Summary: Four practical lessons we learn from the life story of Esther, one woman who’s faith saved a generation and changed the world.
For Such A Time as This
The book of Esther is set in the fifth century BC, in the Persian Empire during the reign of Xerxes, son of Darius and grandson of Cyrus. Xerxes reigned from 486-465 BC. We know quite a lot about his kingship from secular sources.
Those dates may not mean much to us, so let me put this in biblical perspective. The book of Esther occurs after the Exile. Remember, the Babylonians conquered the Jewish people, destroyed Jerusalem and carried many people captive back to Babylon to live. That was 586 BC, or 100 years before Xerxes.
The Jewish people lived in exile for 70 years. The book of Daniel records some of the plight of the deported Jews during those years.
Just before those 70 years were up, in 539 BC, Babylon fell to the Persians, and soon afterward, Cyrus, king of Persia and grandfather of Xerxes, allowed deported peoples to return to their home towns to rebuild their temples. The Jews did so, and the book of Ezra records the work of Zerrubabal and Ezra. Later, Nehemiah returned to returned to rebuild the walls.
The events of the book of Esther happen between the work of Ezra and that of Nehemiah.
The story of Esther is a fascinating story. Let me give you the Cliff Notes version of what you need to know for this morning.
King Xerxes is throwing a big celebration, probably around planning the invasion of Greece. One day he summoned his Queen, Vashti, but, for some reason we are not told, she does not come. As a result, Vashti was deposed and a new queen sought. (I toyed with preaching about the dangers of wives not obeying their husbands, but Dean thought it might not go over very big—especially with Doris.) The method for finding the new queen begins with inviting all the beautiful young woman of the empire to go through a year of beautification and then Xerxes would pick one.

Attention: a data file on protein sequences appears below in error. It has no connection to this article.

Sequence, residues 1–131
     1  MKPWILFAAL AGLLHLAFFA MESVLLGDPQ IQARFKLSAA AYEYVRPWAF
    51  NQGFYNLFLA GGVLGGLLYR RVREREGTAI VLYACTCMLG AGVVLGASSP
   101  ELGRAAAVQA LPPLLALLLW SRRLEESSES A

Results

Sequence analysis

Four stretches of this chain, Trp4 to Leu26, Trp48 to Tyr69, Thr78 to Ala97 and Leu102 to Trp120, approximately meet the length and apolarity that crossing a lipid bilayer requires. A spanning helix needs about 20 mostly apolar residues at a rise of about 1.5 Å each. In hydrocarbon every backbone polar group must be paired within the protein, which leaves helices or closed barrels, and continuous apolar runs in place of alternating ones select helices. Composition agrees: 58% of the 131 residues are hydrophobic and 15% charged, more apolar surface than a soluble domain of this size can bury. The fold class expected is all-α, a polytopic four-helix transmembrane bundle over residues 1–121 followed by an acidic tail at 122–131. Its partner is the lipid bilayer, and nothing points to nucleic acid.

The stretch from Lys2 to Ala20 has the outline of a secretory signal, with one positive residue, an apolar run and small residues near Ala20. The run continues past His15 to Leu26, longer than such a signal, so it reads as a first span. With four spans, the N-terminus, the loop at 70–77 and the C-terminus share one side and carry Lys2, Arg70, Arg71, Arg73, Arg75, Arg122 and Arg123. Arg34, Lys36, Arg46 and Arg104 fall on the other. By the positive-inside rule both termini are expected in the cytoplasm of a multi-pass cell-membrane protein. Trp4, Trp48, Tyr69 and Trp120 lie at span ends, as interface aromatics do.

We need to know that Many Jews who had been carried to Persia stayed there, even after they were allowed to return. Life there had been good, for the most part. Some had risen to respectable positions in commerce and government. One such Jew was Mordecai. He served in the King’s court. Mordecai had an orphaned cousin whom he raised. Her name was Hadassah, or more commonly known as Esther.
Well, short version here. Esther is chosen as Queen. After a few years, Mordecai learns of plans by the evil Haman to lead a pogram against the Jews. He alerts Esther, and she agrees to tell the king. We read this part in Chapter 4 for our reading this morning.
Esther, taking significant risk, enters the king’s chamber, and alerts him to the plot. In a strange twist of events, the evil Haman has to honor the righteous Mordecai, and then Haman is impaled on the very stake he had prepared for Mordecai.
Anyway, the Jews are saved, and the feast of Purim is born, which Jewish people celebrate until this very day.
What’s in this account for us today? Well, it is Mother’s Day, and although Esther was not a mother, she is a woman who made a significant contribution to our world. I thought it might be fun to look at her life for a lesson today.
As I read and reread this book over the last few weeks, I came to see four overarching things we learn from the story of Esther. Let me share them with you.
The Sovereignty of God assures us that we are where he wants us to be
One of the interesting facts about the book of Esther is that it nowhere even mentions God. That’s unusual, since the book of Esther is one of 66 books that comprise a larger work, called the Bible, that is all about God. However, even though his name does not appear in the book of Esther, it is clear that God shows up on every page. One way we see him his through the lens of his sovereignty.
The events of the book of Esther are not random or without plan or purpose. God’s presence hovers over the book like the Spirit of God hovered over the waters of creation. So it is with God, and with life as we know it. There are no coincidences and no accidents in God’s scheme.
To speak of God’s sovereignty does not mean we believe in fatalism. Fatalism is the idea that God maps out every choice and event and we have nothing to do but march through life like Eveready bunnies.
Not at all. Trusting in the sovereignty of God means we walk in the confidence of knowing that God hovers over our lives at every turn. No choice we make takes God by surprise. Every choice we make—and they are truly our choices—are factored into the plan of God for our lives. God does not determine our every action, but his will for our lives takes every one of our actions into consideration.